Anyway, long story short: Chrome used to be my preferred browser for netbooks. Now it's just my preferred browser period!


November 19, 2009, 6:48 pm

Good to see MS taking yet another miniscule baby step towards standards compliance. That said, even the supposedly more compliant browsers have funny little quirks. I came across one the other day with a javascript lightbox over at http://www.loafinglist.com/... (click map to see what I mean)

I wanted a map in a lightbox centred with CSS fixed positioning, so it would stay centred even if the window was scrolled. No problem - "position: fixed; left: 50%; top: 50%; margin-left: -300px; margin-top: -200px; width: 600px; height: 400px". Job done. On FF and IE7 it worked like a charm. I had to fudge it using relative positioning and a CSS expression in IE5.5 / 6 (because they don't understand fixed positioning). But in the Webkit browsers (Chrome, Safari) it broke - the lightbox stays put but the map scrolls out of the lightbox. Very irritating. I couldn't work out a fix yet, so Webkit browsers currently are stuck with absolute positioning. You can see the effect I'm talking about by launching the lightbox map on a Webkit browser and running this scriptlet from the address bar:


Now scrolling the window causes the bizarre overlap artifact I mentioned.


November 19, 2009, 9:02 pm

Microsoft must struggle to make a modern software and stay in 1999. No thoughts about 2009, will reach this year after 50 years or so.

Always beads and mirrors for the natives. Win7.....Explorer9.......baah....


November 20, 2009, 10:10 am

@John McLean:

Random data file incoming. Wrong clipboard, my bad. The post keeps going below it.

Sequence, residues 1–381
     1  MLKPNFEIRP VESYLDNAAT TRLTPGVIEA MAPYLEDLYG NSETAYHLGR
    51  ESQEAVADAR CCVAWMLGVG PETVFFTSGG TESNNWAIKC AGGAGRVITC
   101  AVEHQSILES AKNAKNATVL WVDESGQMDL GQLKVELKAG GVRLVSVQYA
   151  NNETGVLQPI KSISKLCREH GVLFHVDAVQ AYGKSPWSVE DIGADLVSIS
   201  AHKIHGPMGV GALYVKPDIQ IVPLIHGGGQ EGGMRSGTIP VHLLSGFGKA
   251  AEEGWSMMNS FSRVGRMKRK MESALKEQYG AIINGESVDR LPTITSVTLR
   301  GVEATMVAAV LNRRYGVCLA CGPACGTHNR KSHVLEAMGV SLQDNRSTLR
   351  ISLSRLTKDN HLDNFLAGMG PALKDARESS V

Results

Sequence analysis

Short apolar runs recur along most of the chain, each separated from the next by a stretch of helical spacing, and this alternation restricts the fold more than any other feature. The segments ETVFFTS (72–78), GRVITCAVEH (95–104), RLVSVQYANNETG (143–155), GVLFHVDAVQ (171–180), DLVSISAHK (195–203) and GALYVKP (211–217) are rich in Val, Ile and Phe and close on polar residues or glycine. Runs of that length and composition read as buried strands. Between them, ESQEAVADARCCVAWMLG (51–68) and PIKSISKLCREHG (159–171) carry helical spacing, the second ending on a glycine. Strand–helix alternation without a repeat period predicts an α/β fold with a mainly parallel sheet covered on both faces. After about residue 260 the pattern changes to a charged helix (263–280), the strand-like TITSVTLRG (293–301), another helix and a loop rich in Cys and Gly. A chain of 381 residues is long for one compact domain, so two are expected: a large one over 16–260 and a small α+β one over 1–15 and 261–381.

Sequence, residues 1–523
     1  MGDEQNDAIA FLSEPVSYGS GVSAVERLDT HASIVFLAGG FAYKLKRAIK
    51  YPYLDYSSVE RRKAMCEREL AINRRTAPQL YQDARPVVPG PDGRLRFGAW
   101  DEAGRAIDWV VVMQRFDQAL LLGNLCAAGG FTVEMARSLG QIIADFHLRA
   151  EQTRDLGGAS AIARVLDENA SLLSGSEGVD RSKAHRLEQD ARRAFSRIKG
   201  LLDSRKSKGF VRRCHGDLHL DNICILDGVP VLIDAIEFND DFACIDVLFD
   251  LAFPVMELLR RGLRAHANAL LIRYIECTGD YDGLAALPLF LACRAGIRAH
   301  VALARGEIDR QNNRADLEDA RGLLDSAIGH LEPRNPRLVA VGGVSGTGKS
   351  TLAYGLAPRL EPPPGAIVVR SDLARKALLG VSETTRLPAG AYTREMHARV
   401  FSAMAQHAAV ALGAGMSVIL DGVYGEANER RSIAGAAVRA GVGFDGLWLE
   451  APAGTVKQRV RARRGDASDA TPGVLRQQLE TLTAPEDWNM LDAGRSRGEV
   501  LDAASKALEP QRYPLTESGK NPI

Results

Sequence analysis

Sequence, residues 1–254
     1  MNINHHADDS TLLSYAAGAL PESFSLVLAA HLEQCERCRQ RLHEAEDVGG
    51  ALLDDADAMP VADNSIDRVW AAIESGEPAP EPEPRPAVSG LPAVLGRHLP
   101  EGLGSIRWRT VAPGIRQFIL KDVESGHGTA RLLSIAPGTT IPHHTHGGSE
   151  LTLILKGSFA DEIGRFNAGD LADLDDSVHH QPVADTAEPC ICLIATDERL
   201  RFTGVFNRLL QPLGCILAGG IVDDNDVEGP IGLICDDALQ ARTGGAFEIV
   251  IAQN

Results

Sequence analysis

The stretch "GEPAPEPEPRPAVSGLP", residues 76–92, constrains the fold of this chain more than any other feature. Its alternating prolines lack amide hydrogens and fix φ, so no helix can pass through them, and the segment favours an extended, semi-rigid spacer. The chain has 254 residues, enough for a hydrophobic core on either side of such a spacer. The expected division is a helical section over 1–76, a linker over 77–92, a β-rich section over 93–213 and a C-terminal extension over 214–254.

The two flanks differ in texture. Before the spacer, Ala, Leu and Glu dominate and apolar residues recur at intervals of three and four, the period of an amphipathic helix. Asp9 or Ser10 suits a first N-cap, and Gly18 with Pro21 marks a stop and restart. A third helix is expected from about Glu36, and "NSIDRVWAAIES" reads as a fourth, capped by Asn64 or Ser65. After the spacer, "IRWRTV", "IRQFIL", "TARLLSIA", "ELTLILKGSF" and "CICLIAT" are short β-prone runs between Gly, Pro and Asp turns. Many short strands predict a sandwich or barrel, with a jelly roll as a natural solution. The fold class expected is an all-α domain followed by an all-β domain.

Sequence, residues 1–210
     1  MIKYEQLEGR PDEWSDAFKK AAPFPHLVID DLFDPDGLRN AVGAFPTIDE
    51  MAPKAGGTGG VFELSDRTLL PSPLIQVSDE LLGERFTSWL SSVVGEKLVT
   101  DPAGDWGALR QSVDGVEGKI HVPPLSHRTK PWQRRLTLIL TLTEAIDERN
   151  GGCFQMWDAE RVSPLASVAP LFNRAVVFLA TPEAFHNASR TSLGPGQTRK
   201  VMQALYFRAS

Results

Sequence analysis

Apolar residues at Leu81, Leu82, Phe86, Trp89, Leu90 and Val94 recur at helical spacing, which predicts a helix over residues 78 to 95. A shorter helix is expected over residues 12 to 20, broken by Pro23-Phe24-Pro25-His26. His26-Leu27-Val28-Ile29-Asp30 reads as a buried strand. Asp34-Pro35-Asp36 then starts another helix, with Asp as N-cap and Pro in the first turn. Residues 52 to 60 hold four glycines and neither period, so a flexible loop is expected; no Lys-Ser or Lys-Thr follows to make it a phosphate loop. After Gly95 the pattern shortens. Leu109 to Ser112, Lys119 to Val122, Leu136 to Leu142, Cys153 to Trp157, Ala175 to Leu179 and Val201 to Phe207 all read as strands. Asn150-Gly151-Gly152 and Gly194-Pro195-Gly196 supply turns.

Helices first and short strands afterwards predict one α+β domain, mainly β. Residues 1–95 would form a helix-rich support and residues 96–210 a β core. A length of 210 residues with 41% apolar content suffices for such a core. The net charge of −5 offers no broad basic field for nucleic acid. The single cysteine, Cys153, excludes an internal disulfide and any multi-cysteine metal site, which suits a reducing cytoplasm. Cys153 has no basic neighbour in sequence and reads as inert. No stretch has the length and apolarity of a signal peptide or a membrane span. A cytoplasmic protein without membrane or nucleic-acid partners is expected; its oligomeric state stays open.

Have a look at jQuery and the jQuery tools here: http://flowplayer.org/tools... for the overlay and this jQuery plugin for Google Maps: http://plugins.jquery.com/p...

jQuery is one of the most popular and well supported AJAX API's and will take a lot of the fuss you have with AJAX out of development.

@Steve and Bluepork

The problem is that the IT suppliers like the adviser sites Bluepork stares at every day don't support other browsers because their corporate clients only use IE, while at the same time the corporates continue to use IE because the apps they use are IE-only. It's a vicious circle.

There are 3 ways to solve the problem:

1. Corporates demand their suppliers create standards-compliant web apps (because they realise that maintaining XP desktops past the time Microsoft obsolete the OS will cost a little too much and that you can't run IE6 only apps in Windows 7)

2. Vendors support all browsers - B2C vendors do, B2B vendors don't because they haven't got the requirements to do so

3. There is a legal precedent set from a non-compliant site being busted under the Disabilities Discrimination Act for not being accessible (accessibility and standards compliance are pretty much the same thing), which much to the RNIB's chagrin, corporates are ignoring.

Don't get me wrong, 8 years ago IE was a brilliant browser. I made a site for Microsoft in 1999 for an IE5 site and one of the IE developers said to me "I never knew IE could do that". The very fact it's being used nearly a decade later is testament to how good it was, but a decade in IT is an epoch. The world has moved on since then.


November 20, 2009, 8:22 pm

@Mr. Horizontal - thanks for the pointers. I'm already using jQuery extensively on http://www.loafinglist.com and in other projects. A fantastic framework not just for AJAX but for general javascripting. It keeps code minimal and manageable while offering a great deal of flexibility. Also, because it is widely used it also sits in a lot of browser caches already, speeding up page loads and reducing site bandwidth load. This is especially true if, like me, you load jQ from googlecode.

I hadn't come across the jQ Google Maps extension before, but will take a look. I guess I hadn't really looked for it before because Google Maps integration is so trivially straightforward anyway. But I do plan to implement additional features (looking up nearby items using an AJAX call and displaying them on the map as additional markers, for example) and anything that can simplify this and keep code count to a minimum will be welcome.